Timer callback method calling HttpClient crashes on Electron

Phew, finally figured out why some code of mine is crashing on Electron and thought I’d share since I didn’t find any articles that helped me.

I had a fair sized application developed for Photon. Worked great. I use the Photon for developing and then push to Electron for my real use. Everything was working fine on Photon, but guaranteed SOS on Electron… I stripped my app back to complete basis and figured it out.

My app uses a Timer to initiate sending some data using the HttpClient. On Photon I use the Timer Callback to directly call the HttpClient, works fine… on Electron the call takes some 8s, for some reason this is a big problem and is gauranteed to get me an SOS.

So the solution was to set a flag in a very small method from the Timer and then in the main loop, check the flag and send from there…

#include "HttpClient/HttpClient.h"

unsigned int nextTime =0;
Timer send_timer(30000, apiDataDummy);      //send Something every 30s...   <=== This fails on Electron
//Timer send_timer(30000, dosend);      //send Something every 30s...   <=== this works
bool send=false;

const char server[] = "anywebsite.co.uk";
const char dataUri[] = "/v1/data";
HttpClient http;
http_request_t request;
http_response_t response;
http_header_t headers[] = {                 // Headers currently need to be set at init, useful for API keys etc.
    { "Accept" , "*/*"},
    { NULL, NULL }                          // NOTE: Always terminate headers with NULL
};

String data; 
    
void setup() {
    send_timer.start();
    Serial.begin(115200);
}

void loop() {
    if (send)
    {
        apiDataDummy();
        send=false;
    }
    
    if (nextTime > millis()) {
        return;
    }
    debugOutLn("Been alive for "+ String(millis()/1000));
    nextTime = millis() + 1000;
}

void debugOutLn(String output)
{
    Serial.println(output);
}

void dosend()
{
    send=true;
}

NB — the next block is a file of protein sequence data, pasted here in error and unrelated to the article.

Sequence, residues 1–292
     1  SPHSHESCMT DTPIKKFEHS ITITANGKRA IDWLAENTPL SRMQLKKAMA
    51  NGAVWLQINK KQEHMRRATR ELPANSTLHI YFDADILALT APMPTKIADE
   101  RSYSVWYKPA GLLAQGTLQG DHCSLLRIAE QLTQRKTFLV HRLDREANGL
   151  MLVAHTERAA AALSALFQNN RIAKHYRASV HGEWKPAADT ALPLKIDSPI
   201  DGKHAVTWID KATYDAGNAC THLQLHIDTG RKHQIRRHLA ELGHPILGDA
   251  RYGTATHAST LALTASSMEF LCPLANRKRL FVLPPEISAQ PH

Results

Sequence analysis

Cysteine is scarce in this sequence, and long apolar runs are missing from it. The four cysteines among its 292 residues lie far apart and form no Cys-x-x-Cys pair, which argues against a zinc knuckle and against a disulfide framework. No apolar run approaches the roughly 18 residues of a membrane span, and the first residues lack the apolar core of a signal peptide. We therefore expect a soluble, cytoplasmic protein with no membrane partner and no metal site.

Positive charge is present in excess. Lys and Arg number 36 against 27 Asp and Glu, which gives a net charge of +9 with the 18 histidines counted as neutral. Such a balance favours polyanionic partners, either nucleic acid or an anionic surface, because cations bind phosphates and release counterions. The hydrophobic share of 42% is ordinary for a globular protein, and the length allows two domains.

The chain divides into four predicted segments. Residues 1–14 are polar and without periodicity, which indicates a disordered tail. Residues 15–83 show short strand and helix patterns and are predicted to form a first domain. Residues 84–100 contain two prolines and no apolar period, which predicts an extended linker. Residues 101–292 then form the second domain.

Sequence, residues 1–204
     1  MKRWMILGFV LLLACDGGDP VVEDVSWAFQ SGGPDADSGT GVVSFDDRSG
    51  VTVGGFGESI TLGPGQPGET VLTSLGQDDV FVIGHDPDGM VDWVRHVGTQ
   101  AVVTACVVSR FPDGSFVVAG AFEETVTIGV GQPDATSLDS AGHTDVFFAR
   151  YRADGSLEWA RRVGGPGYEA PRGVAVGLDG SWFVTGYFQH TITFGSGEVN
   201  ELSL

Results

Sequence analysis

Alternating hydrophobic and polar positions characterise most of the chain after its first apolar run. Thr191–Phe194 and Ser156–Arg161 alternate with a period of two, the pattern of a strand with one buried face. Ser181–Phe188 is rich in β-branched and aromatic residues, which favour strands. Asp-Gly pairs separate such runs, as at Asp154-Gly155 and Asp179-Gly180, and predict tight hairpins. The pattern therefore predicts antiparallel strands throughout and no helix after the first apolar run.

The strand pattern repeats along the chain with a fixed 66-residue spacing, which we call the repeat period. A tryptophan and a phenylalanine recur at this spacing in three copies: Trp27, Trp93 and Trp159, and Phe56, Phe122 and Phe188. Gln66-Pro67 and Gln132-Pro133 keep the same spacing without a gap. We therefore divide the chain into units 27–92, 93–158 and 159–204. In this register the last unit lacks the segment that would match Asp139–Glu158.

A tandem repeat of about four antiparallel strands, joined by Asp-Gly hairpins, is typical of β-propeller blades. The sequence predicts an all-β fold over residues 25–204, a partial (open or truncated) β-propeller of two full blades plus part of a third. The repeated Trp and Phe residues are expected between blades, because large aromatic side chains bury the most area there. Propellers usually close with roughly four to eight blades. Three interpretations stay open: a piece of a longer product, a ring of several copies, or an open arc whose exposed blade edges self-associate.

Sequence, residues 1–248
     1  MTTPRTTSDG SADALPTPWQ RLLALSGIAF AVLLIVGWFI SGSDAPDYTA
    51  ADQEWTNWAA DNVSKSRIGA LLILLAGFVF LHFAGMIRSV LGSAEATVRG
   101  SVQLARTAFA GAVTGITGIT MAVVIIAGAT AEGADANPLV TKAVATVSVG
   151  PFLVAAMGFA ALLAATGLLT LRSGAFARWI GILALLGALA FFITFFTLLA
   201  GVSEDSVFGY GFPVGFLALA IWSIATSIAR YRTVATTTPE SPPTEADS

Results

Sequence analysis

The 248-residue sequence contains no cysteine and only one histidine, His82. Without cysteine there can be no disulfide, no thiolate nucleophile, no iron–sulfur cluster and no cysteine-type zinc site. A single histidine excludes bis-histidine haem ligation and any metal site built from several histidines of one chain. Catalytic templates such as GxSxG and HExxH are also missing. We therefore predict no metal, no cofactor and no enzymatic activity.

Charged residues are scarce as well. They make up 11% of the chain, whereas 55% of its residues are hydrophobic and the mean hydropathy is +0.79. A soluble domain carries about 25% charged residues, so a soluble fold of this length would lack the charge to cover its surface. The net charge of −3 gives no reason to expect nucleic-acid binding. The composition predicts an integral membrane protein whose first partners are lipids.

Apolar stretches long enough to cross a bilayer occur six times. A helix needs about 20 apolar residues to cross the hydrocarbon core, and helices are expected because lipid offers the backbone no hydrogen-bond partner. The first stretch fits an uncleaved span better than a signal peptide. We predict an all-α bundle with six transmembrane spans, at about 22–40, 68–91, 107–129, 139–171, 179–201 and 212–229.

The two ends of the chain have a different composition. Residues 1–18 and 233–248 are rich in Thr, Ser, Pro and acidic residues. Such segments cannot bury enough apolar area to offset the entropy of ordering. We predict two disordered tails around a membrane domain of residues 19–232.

void apiDataDummy()
{
    
    // Request path and body can be set at runtime or at setup.
    request.hostname = server;
    request.port = 80;
    request.path = dataUri;

    // The library also supports sending a body with your request:
    //request.body = data;

    // Get request
    http.get(request, response, headers);
}
2 Likes

And I have the same problem and have it resolved in the same way as you have stated. So the problem exists only on Electron?

I suspect if you had some super-slow wifi or poor website you could see the same on Photon - its a function of the response time I suspect…

That’s pretty much how it’s supposed to be done. Timers, as well as function calls and interrupts should be kept as short as possible. Calling functions from an interrup is generally a bad idea. Rather, use the loop to check for flags, which should ensure things don’t get ‘stuck’.

3 Likes

Yeah, I guess, just takes some figuring out when its perfect on Photon… missing my java stack dumps :-). I can’t decide if an async http client would be good…

I also found another issue I’m struggling to recreate that seemed Electron specific. I have a scenario where I (re)start a timer (from inside the time callback method) and it crashes religiously too, but can’t seem to recreate it outside a pile of my code… as soon as I can I’ll post that!